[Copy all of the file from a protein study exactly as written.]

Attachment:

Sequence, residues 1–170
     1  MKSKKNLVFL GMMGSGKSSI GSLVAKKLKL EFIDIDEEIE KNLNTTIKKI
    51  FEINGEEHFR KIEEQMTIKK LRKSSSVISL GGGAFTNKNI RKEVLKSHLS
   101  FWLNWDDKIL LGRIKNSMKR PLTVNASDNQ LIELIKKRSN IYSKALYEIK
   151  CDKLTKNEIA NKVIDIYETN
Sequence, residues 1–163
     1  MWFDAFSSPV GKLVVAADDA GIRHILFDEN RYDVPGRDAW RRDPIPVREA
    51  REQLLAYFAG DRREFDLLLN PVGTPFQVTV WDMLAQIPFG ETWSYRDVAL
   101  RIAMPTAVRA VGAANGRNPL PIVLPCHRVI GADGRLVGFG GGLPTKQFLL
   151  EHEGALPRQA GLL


Sequence, residues 1–170
     1  MKSKKNLVFL GMMGSGKSSI GSLVAKKLKL EFIDIDEEIE KNLNTTIKKI
    51  FEINGEEHFR KIEEQMTIKK LRKSSSVISL GGGAFTNKNI RKEVLKSHLS
   101  FWLNWDDKIL LGRIKNSMKR PLTVNASDNQ LIELIKKRSN IYSKALYEIK
   151  CDKLTKNEIA NKVIDIYETN
Sequence, residues 1–163
     1  MWFDAFSSPV GKLVVAADDA GIRHILFDEN RYDVPGRDAW RRDPIPVREA
    51  REQLLAYFAG DRREFDLLLN PVGTPFQVTV WDMLAQIPFG ETWSYRDVAL
   101  RIAMPTAVRA VGAANGRNPL PIVLPCHRVI GADGRLVGFG GGLPTKQFLL
   151  EHEGALPRQA GLL